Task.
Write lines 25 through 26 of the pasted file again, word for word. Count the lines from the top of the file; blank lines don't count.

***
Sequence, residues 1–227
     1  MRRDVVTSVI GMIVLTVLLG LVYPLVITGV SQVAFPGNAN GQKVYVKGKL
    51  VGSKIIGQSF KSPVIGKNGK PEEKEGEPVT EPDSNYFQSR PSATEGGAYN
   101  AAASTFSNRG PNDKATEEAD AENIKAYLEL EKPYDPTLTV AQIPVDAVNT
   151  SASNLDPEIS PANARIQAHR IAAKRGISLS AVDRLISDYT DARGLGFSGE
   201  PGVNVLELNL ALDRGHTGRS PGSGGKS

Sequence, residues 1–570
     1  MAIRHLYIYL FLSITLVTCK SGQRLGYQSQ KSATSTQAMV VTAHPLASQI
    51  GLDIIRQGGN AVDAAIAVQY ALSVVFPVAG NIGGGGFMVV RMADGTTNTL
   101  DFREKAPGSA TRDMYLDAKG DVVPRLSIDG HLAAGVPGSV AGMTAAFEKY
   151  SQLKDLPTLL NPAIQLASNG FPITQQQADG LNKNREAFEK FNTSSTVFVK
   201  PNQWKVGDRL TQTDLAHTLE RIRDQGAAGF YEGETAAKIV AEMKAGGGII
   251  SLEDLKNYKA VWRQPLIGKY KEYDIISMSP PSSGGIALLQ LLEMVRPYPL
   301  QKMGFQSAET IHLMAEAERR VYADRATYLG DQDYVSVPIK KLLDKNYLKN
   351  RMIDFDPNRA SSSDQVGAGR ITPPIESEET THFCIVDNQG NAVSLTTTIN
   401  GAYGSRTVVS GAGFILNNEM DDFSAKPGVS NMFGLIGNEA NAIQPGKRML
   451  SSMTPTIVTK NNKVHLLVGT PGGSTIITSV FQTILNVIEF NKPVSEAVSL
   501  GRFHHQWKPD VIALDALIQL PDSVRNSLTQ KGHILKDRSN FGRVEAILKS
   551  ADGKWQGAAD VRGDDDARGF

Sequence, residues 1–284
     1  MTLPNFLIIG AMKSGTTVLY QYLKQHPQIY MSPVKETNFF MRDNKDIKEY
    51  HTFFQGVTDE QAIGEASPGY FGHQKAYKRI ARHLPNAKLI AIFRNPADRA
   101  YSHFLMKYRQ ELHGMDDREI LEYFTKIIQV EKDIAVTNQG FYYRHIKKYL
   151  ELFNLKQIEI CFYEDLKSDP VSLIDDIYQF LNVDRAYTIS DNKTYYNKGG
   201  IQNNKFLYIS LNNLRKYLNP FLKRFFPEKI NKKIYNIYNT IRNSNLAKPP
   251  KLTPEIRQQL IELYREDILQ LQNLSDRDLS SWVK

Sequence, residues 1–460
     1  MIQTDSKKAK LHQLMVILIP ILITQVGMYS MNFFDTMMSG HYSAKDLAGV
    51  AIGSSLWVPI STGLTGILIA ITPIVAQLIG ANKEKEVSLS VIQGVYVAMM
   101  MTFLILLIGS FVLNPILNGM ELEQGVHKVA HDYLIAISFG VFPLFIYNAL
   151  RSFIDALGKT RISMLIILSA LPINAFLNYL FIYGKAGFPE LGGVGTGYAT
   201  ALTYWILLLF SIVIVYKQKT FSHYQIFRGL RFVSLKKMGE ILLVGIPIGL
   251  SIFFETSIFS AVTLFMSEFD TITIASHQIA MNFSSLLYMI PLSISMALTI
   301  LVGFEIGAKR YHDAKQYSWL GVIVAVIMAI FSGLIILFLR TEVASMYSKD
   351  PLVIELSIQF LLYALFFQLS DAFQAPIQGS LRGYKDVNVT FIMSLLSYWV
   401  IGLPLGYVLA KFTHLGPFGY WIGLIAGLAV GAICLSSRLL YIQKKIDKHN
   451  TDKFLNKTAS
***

   201  IQNNKFLYIS LNNLRKYLNP FLKRFFPEKI NKKIYNIYNT IRNSNLAKPP
   251  KLTPEIRQQL IELYREDILQ LQNLSDRDLS SWVK